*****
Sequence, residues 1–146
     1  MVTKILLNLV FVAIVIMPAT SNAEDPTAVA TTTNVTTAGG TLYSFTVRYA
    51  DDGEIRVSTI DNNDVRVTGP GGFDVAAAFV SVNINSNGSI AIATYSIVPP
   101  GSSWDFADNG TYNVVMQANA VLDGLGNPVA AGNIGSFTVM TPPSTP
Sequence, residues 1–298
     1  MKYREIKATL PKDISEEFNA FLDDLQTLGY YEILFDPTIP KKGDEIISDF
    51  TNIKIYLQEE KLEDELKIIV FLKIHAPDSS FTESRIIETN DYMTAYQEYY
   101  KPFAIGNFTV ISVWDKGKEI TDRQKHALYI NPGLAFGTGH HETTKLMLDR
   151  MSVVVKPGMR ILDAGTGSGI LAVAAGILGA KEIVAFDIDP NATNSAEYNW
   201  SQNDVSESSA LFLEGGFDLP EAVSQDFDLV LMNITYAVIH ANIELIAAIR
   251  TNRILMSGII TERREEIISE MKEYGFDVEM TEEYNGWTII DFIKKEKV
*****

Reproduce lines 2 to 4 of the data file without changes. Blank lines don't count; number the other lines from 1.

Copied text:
     1  MVTKILLNLV FVAIVIMPAT SNAEDPTAVA TTTNVTTAGG TLYSFTVRYA
    51  DDGEIRVSTI DNNDVRVTGP GGFDVAAAFV SVNINSNGSI AIATYSIVPP
   101  GSSWDFADNG TYNVVMQANA VLDGLGNPVA AGNIGSFTVM TPPSTP